“Top 100 companies are defined by their approach to best practice people management and described by the Department of Trade and Industry (DTI) as a ‘key benchmark’. If these companies are the ‘best’ then they should be investigated as to how this links to the ‘best’ for a diverse workforce. Currently, there is no scrutiny of issues such as gender, race and disability. Given the references to the aging workforce, a demographic time bomb and growing structural inequalities, the UK government should be pointing out that the ‘best’ companies are missing out on some of the ‘best’ the UK labour market has to offer.”Source: News Release Lancaster University Management School (March 7, 2006)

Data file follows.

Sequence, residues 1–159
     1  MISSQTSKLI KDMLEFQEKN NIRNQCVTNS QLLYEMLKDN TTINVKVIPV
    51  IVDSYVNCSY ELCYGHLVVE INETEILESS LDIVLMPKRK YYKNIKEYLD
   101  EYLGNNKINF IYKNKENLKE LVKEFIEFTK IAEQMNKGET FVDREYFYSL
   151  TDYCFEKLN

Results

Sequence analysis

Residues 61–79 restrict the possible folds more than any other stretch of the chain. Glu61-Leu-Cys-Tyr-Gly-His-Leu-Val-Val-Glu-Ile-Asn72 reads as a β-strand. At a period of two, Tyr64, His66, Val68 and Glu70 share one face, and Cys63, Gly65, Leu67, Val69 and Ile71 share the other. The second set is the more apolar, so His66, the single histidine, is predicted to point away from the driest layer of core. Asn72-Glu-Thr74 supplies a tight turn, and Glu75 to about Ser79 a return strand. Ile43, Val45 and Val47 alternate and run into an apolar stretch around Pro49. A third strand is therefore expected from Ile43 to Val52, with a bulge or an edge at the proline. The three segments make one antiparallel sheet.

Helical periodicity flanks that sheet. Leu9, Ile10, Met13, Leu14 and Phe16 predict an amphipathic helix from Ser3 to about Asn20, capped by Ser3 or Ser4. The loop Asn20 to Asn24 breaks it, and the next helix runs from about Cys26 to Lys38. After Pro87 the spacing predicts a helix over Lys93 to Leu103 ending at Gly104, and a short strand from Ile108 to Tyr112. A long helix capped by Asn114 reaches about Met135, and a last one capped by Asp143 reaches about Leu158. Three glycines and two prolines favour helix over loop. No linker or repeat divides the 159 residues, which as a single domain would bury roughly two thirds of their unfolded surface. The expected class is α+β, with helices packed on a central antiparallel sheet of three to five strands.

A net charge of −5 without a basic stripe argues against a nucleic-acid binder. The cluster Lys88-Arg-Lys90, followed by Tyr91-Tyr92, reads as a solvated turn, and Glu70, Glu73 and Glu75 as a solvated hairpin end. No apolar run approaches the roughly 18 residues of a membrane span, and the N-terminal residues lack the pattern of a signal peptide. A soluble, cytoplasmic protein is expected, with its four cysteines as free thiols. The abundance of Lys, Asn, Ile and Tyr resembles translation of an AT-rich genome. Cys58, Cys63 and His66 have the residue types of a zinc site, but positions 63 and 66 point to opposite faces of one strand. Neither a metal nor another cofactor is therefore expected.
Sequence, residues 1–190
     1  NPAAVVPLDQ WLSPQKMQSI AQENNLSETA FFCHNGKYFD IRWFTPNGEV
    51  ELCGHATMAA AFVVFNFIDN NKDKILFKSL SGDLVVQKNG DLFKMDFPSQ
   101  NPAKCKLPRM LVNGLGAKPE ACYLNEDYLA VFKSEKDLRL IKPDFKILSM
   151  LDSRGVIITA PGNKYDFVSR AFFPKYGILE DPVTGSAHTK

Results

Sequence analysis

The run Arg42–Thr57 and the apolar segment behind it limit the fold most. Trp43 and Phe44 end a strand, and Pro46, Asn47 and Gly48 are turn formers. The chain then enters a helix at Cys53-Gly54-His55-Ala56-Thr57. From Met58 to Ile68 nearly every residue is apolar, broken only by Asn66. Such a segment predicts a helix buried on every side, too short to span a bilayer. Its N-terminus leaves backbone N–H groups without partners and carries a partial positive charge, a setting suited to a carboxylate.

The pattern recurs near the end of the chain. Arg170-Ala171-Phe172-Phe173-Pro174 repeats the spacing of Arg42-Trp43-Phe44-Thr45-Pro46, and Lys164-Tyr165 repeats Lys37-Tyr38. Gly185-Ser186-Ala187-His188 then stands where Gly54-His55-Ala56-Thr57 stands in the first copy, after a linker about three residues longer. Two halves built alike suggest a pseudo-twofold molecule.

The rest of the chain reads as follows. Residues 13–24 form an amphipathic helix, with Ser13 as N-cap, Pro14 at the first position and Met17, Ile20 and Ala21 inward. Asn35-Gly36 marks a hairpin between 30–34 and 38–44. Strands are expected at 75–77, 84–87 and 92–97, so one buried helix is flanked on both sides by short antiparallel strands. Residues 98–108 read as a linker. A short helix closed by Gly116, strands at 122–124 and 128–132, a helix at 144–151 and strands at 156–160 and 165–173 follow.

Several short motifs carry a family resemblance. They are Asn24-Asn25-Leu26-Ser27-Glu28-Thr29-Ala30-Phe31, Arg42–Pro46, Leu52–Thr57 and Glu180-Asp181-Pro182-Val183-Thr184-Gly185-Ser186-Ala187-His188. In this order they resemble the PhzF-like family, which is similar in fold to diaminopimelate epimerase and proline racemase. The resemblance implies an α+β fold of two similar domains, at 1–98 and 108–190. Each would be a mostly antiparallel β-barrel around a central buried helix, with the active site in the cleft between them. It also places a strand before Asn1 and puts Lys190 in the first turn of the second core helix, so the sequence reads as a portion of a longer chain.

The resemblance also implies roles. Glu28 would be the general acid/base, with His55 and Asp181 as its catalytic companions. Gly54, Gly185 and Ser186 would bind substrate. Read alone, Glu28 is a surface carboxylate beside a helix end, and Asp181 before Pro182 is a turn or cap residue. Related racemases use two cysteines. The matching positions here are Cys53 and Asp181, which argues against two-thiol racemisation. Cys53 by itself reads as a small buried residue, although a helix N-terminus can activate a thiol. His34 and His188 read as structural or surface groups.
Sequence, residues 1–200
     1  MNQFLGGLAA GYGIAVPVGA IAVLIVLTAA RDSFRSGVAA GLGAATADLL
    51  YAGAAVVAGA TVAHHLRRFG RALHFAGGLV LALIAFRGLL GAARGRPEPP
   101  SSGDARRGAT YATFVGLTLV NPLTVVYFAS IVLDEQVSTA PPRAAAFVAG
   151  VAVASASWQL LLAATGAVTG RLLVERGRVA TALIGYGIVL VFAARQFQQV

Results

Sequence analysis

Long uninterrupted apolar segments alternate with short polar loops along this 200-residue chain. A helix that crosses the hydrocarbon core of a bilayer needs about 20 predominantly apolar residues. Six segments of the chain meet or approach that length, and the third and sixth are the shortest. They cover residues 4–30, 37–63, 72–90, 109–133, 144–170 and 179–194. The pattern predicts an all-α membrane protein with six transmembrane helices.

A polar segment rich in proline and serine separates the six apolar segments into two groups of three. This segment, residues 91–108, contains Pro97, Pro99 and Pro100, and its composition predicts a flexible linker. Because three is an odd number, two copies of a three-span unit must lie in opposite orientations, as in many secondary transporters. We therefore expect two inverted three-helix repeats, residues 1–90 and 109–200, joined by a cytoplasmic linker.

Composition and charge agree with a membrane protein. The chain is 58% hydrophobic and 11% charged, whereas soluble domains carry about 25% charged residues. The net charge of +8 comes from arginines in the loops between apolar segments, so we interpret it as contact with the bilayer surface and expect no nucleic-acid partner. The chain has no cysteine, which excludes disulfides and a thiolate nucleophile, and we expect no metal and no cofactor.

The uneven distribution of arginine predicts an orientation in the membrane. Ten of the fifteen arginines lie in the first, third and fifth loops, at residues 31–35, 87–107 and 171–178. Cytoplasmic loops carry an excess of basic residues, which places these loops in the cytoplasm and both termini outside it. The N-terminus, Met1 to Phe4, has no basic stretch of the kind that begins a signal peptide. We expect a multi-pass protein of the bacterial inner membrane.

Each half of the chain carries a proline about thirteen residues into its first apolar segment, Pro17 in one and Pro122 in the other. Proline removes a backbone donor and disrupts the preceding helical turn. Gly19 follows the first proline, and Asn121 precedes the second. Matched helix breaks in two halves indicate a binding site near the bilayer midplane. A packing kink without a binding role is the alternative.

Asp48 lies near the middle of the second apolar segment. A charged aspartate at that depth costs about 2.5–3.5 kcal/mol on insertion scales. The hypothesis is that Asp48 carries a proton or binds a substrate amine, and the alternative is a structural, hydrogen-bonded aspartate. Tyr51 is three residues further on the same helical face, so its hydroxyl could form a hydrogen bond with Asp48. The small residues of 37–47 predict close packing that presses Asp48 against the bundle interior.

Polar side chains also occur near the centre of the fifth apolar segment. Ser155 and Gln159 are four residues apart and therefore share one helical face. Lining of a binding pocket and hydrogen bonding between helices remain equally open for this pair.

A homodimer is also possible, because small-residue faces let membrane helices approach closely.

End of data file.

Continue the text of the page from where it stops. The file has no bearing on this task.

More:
Tuesday, March 07, 2006
Are the "Best Companies To Work For" Ageist?
According to research carried out by Dr Sharon Bolton, Lancaster University Management School, the annual "The Sunday Times Best Companies to Work For" do not generally reflect age diversity. While companies in the list use it as a tool to position themselves as "employers of choice" and they appear to offer the magical formula of making work fun, Bolton suggests that this "party" culture is also an exclusive club for the under 35's. Analysis of The Best Companies to Work For 2005 reveals that, on average, 56% of employees working for "best companies" are under 35 and only 6% over 55 years old, compared to only 36% of the general working population being under 35 and 15% over 55.
Posted by AgingWorkforceNews at 4:17 PM